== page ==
Social media influencer, Yovana Mendoza, provided an amusing diversion from Brexit last week. The 20-something vlogger built a very lucrative personal brand around veganism. She amassed over 3m followers on YouTube and Instagram by advocating a raw vegan diet and 25-day water fasts. All seemed to be going well until a competitor observed and filmed Mendoza eating seafood. The vlogger’s embarrassment was compounded by the fact that she tried to hide the fish. Unsurprisingly, the ensuing video went viral. Mendoza performed what has become the ritual apology on online media: “It was the worst day of my life. I felt like someone had died,” she posted. “Someone did”, was one of the less abusive responses, “the fish”. The final act in the saga was her own video in which she confessed to eating fish “for health reasons”. The episode illustrates some fundamental features of the online world. It shows how the popularity of products or ideas need not necessarily be connected to the inherent merits of the offer. There has always been a strong tendency in popular culture for success to breed success. Things become desirable, not necessarily on account of their inherent qualities, but simply because they are already popular. The internet compounds these tendencies. The inherent attributes of products become outweighed by the effect of social influence on the choices that people make. In more conventional markets, where social influence is weak, economic theory has a good understanding of how consumers behave. In this type of market, consumers gather information on the attributes of the alternatives, such as price and quality, choosing products based on their individual preferences and affordability. In recent decades, the theory has been expanded to incorporate situations in which consumers don’t have all the information to hand. But it is still essentially based on the idea that people compare what a product offers with what they want. This differs in the online world, because what people want is altered by observing what other people want. For example, Mendoza sought to convince her 3m followers that raw veganism and extreme water fasts were part of a healthy lifestyle, despite not following her own advice. There is no suggestion that Mendoza’s work is fake. But the high emotional content that she regularly published gave it a better chance of being noticed and spread by social influence. People are learning this fast, and the use of “clickbait” is spreading rapidly. The largest ever study on fake news was published just over a year ago in the Science journal, and it concluded that fake news and rumours tended to spread much faster and reach more people than accurate stories. A key reason is that fake news typically shows a much higher level of emotion in their overall content. The question is whether we will all learn to see through this and start behaving rationally again. But the furore around Brexit suggests that we have some way to go. Paul Ormerod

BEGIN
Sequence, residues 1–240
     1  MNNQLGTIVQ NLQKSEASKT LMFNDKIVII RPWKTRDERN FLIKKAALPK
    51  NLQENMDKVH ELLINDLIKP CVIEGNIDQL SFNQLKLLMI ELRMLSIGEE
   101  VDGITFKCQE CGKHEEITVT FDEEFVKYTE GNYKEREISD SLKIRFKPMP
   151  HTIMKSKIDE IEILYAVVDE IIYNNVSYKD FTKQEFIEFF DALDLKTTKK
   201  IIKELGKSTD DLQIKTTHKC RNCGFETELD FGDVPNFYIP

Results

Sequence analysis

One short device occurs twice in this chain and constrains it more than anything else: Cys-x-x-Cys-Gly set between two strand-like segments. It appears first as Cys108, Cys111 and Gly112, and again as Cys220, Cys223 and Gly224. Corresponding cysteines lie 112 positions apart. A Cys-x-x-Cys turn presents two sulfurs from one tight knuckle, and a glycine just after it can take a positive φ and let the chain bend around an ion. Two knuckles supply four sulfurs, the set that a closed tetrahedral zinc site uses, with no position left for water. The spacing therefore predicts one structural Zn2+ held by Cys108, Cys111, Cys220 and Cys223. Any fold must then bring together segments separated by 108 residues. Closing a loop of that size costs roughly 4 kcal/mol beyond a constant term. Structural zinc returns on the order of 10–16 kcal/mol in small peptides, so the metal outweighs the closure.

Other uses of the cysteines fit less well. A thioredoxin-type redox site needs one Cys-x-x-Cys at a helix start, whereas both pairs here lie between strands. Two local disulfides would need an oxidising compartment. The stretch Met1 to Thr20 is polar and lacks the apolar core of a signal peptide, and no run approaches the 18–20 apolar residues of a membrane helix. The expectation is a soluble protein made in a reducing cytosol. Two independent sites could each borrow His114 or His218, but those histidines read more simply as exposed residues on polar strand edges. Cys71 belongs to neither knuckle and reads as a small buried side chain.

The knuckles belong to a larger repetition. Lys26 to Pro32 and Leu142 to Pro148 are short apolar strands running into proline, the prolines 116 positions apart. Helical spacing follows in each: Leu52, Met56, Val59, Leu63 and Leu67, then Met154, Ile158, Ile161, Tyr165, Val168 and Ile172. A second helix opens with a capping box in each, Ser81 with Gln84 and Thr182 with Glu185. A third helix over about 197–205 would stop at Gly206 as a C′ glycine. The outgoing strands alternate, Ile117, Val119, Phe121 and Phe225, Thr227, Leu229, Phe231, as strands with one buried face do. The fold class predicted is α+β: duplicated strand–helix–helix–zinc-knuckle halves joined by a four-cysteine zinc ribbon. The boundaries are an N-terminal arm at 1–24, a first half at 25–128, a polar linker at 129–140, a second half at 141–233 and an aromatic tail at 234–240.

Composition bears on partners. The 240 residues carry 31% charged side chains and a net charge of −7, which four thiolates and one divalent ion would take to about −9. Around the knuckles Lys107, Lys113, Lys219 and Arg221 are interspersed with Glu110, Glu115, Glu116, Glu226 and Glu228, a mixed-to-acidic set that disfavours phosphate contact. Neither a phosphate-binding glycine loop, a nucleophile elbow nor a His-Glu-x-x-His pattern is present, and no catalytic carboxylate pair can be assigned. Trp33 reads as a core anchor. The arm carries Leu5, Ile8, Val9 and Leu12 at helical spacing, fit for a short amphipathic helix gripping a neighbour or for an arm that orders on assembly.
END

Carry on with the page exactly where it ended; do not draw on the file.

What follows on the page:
As published in City AM Wednesday 3rd April 2019